Pursuant to Elections Code Section 9005, we have reviewed the proposed statutory initiative (A.G. File No. 19-0022, Amendment #1) that would authorize $5.5 billion in general obligation bonds for stem cell research and enact various changes to the California Institute for Regenerative Medicine (CIRM).
Researchers Use Stem Cells to Study and Treat Various Diseases. Stem cells are certain types of cells that exist within humans. Researchers are interested in these types of cells for their potential to regenerate lost cells, tissues, and organs. The field of medicine that uses stem cells and other techniques for this purpose is known as “regenerative medicine.” One well-known example of a regenerative medicine procedure is a bone marrow transplant. Under this procedure, the bone marrow of a donor (which contains stem cells) is transferred to another patient to replenish lost blood cells, typically due to certain types of cancer. Scientists are researching the use of stem cells to treat many other diseases and health conditions.
Voters Established State Stem Cell Research Program. In 2004, voters approved Proposition 71, which gave researchers in California a constitutional right to conduct stem cell research. The measure also created a new state program to fund stem cell research projects, research facilities, and other related activities. In tandem, it created a new entity, CIRM, to administer the program. The measure also established a CIRM oversight structure, which includes (1) a 29-member governing board responsible for making funding decisions and adopting relevant policies, (2) three working groups responsible for advising the governing board, and (3) a five-member committee responsible for providing independent oversight over CIRM’s finances.
Voters Approved $3 Billion in General Obligation Bonds for Stem Cell Program. To fund stem cell grants and CIRM’s operations, the measure authorized the state to sell general obligation bonds. State general obligation bonds are a form of borrowing. The state sells the bonds to investors, and the proceeds of these sales provide funding to CIRM. The state sells the bonds when CIRM needs the funds (typically once a round of grant awardees has been selected). Once the bonds are sold to investors, the state begins repaying the investors with interest by making annual payments over time. Proposition 71 did not specify the length of the repayment period for each bond issuance, but the state tended to repay the bonds over ten years. Proposition 71 bonds were taxable and a ten-year repayment period is common for these types of bonds. (For taxable bonds, the interest that investors earn is not exempt from federal taxes.)
CIRM Has Spent Nearly All Available Funds. As Figure 1 shows, bonds issued under Proposition 71 have comprised virtually all of CIRM’s funding, with a relatively small amount of funding coming from investment income, private donations, and other sources. CIRM has spent most of the available funding on grants, with smaller amounts spent on CIRM’s operations and bond costs (discussed later in this letter). As of October 2019, all but $132 million of CIRM’s funding has been spent. According to CIRM staff, the remaining funding will be used primarily to oversee active grants.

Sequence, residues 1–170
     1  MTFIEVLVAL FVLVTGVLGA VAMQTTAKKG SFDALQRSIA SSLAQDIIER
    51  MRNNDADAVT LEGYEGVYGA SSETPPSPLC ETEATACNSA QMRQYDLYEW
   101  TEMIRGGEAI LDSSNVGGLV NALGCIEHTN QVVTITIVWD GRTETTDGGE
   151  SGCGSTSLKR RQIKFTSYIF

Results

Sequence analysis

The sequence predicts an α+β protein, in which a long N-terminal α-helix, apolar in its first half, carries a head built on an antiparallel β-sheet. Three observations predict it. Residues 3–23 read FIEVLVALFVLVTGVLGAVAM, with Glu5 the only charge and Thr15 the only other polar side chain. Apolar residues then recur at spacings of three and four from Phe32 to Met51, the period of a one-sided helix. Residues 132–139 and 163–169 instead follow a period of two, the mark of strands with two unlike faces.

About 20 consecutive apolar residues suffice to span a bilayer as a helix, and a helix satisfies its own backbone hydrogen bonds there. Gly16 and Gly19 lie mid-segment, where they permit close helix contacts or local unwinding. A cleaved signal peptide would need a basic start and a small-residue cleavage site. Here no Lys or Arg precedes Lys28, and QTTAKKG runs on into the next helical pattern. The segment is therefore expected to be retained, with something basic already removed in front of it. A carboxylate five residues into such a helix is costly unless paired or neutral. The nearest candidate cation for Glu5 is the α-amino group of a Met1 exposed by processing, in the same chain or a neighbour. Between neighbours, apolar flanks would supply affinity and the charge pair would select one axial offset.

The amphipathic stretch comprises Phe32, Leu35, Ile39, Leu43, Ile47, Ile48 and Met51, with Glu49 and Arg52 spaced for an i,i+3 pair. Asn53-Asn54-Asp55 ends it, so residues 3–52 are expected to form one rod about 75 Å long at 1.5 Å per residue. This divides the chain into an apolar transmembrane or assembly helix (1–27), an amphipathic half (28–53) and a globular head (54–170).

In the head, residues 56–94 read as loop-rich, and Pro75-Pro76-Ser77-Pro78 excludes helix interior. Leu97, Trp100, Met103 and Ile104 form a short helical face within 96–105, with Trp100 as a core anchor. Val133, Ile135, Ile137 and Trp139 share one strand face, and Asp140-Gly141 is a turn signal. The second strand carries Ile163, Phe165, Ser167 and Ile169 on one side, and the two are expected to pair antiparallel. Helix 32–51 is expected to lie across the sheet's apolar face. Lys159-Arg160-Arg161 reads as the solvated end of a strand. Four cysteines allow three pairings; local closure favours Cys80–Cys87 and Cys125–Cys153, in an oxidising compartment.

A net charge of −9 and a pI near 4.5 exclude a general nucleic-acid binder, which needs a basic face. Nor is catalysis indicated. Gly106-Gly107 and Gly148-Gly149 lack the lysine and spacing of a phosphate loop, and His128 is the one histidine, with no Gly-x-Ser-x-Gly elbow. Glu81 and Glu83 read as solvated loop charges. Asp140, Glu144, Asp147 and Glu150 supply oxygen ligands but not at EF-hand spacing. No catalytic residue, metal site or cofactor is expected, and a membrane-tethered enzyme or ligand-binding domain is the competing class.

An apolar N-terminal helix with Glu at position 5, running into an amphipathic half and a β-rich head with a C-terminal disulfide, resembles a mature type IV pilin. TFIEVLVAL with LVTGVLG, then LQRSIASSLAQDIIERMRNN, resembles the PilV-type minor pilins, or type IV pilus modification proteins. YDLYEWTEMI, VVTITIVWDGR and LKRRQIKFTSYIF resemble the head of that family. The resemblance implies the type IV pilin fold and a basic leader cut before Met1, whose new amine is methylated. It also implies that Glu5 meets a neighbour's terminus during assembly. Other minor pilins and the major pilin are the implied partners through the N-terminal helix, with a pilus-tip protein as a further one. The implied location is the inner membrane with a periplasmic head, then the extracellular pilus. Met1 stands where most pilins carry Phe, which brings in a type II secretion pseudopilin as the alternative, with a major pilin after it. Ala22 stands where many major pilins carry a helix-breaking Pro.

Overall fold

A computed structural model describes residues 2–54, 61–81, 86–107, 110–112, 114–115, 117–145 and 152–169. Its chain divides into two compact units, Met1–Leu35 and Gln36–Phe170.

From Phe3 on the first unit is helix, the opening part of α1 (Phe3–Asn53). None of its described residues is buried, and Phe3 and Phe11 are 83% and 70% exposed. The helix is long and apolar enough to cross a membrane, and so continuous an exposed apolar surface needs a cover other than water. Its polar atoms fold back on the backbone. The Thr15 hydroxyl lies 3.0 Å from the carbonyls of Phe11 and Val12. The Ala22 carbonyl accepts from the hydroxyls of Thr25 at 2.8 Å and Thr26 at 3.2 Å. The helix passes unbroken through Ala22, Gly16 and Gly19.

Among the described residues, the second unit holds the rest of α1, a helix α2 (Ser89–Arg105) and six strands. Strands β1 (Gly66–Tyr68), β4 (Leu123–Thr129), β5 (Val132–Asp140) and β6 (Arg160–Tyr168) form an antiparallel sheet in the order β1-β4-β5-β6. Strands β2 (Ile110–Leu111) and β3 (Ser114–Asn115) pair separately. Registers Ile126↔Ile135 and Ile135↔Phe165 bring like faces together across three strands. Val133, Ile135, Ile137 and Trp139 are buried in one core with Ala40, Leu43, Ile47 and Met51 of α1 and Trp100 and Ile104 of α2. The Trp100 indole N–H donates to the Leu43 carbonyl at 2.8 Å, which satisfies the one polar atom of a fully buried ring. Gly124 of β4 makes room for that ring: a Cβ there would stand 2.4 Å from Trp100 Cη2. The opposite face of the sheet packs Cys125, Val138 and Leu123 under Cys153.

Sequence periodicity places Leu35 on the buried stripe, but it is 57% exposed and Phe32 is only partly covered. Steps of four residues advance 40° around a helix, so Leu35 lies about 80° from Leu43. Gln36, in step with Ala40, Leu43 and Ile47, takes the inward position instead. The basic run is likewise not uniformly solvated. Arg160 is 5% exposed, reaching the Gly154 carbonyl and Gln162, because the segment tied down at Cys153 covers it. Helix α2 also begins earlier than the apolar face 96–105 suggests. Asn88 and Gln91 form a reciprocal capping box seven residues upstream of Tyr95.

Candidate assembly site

Grants Have Funded Several Different Purposes. As Figure 2 (on the next page) shows, CIRM has awarded about 75 percent of grant funds for specific research projects, including clinical trials. The remaining 25 percent of grant funds have supported research facility construction and equipment, related activities (for example, establishing a network of laboratories dedicated to implementing human clinical trials), and various education initiatives (for example, research internships for undergraduate students). The University of California has received the greatest amount of grant funding, followed by nonprofit universities and institutions (such as Stanford University).
CIRM Is Reducing Staffing Levels. Under Proposition 71, CIRM could spend no more than 3 percent of bond proceeds on its general administrative costs and no more than 3 percent to administer grants. At full implementation, CIRM reports having over 50 full-time equivalent staff. As it nears the end of its programmatic funding, it has reduced operations. Currently, CIRM employs 35 full-time equivalent staff.
CIRM Used a Small Share of Bond Proceeds for Interest Payments. Typically, the state makes regular payments on general obligation bonds from the state General Fund. Proposition 71 required the state to take a somewhat different approach. For the first five years after receiving voter approval, the measure required CIRM to repay interest using the bonds’ proceeds. According to CIRM, a total of about $70 million of bond proceeds were spent on interest costs from 2004 through 2009. In 2010, the state began paying the remaining principal and interest from the General Fund. Currently, the state is spending $327 million annually from the General Fund to make debt payments on Proposition 71 bonds.
Small Amount of Funding Spent on Bond Issuance Costs. Typically, certain administrative and legal costs are associated with a bond issuance. Proposition 71 specified that bond proceeds were to cover these administrative costs. CIRM reports using $2.6 million in bond proceeds for these costs.
Grant Recipients Have Contributed Matching Funds to Their Projects. Many of CIRM’s programs require a match from grant recipients. The amount of funding that applicants must match varies by program. To cover their match, grants recipients can rely on a number of different fund sources, including philanthropic donations, federal grants, and industry contributions. Many recipients raise more funding than required. According to CIRM, grant recipients report collecting a combined $4.1 billion in matching funds since 2004.